In the above picture we pictured the convex hull in red and the support vectors in orange. There are 7 support vectors among the 10 vectors. Only these support vectors will be used for the computation of the separating hyperplane.
Note that it is also possible to transform B or C via a translation and /or rotation (affine transformation) for instance, eg to apply a linear transformation defined by a unit matrix Z such that C’ = ZC. Still only the support vectors – as we defined them – will be to consider.
Some definition(II) of support vectors may differ, eg only including a subset of the border of the convex hull consisting of all the vectors having contact points with at least one separating hyperplane (see fig below).
In such definition (II) the support vectors are defined for pair of sets.
In case the set are linearly separable, we have to solve the following optimization problem:
This problem is not very hard to solve.
We can use a classical Lagrangian optimization technique. Here we will consider the (dual) equivalent optimization problem:
Such SVMs are named the Hard-Margin SVMs.
If the data are not linearly separable, e.g the convex hulls of the sets to seperate are not disjoint, then another technique must be seeked, this is named the soft-margin technique.
We need therefore to find the optimal hyperplane with the minimal amount with slack variables are minimal. For this we introduce a very important parameter, named the C-parameter and we have the soft-margin optimization problem:
The solution of this problem are the soft-margin hyperplanes.
The value of p are typically chosen to be 1 or 2 and depending on the choice, the soft-margin hyperplane is called respectively L-1 or L-2 hyperplane.
The resolution of the optimization problem is essentially the same as with the hard-margin, using Lagrangian multiplicators.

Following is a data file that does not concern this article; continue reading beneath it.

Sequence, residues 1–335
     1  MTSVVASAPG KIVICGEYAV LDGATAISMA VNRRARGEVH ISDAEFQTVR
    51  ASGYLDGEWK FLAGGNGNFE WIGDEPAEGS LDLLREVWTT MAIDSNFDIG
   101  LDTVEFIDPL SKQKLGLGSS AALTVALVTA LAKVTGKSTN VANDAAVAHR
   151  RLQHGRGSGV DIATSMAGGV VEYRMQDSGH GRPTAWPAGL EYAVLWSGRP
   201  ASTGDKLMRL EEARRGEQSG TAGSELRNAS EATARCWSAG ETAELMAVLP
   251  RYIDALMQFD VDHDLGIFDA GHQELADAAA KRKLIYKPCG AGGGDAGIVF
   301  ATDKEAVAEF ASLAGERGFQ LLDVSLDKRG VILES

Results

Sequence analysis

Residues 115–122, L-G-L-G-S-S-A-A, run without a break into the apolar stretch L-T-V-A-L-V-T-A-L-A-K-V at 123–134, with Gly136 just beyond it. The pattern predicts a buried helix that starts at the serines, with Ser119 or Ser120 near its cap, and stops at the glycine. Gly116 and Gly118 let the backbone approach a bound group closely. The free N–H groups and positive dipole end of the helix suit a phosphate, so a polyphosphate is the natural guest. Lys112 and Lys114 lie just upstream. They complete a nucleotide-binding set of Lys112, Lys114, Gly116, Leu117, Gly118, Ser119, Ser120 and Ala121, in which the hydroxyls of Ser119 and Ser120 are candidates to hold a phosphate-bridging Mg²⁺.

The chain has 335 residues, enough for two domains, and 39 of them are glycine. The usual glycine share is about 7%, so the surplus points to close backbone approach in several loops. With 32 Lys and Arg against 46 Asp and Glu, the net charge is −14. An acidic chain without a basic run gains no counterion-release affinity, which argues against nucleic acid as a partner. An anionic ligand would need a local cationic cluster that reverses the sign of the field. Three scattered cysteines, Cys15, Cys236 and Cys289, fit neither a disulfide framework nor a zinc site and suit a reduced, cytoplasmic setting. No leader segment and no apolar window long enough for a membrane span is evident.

The soft-Margin SVM may not always be suitable because it includes some mis-classified points (‘noise’) and one may want to look for a classification method without such problems.
The original finite-dimensional space is mapped into a higher-dimensional space – the ‘feature’ space- , with the goal to make the separation easier in that space.
In the above illustration, we represent the mapping from the initial space to the feature space.
In such cases we revert to the hard-margin scenario.
The Optimization problem is :
We seek therefore to find a symmetric function H : (x,y) → H(x,y)named a kernel and such that H(xi,xj )= XiXj
Introducing the kernel mean there is no need to process the (often complicated) feature space directly (Kernel’s trick).
In such a case the optimization problem can be solved because if the kernel is a semidefinite positive function as well, we need to solve a concave quadratic programming problem.
Kernel-based SVMS are a special part of the Kernel classifiers and should be explained in another article.
SVMs to the difference of other classifiers such as the Neural Networks need a slightly more important theoretical background. They are not always simple to use in the general case.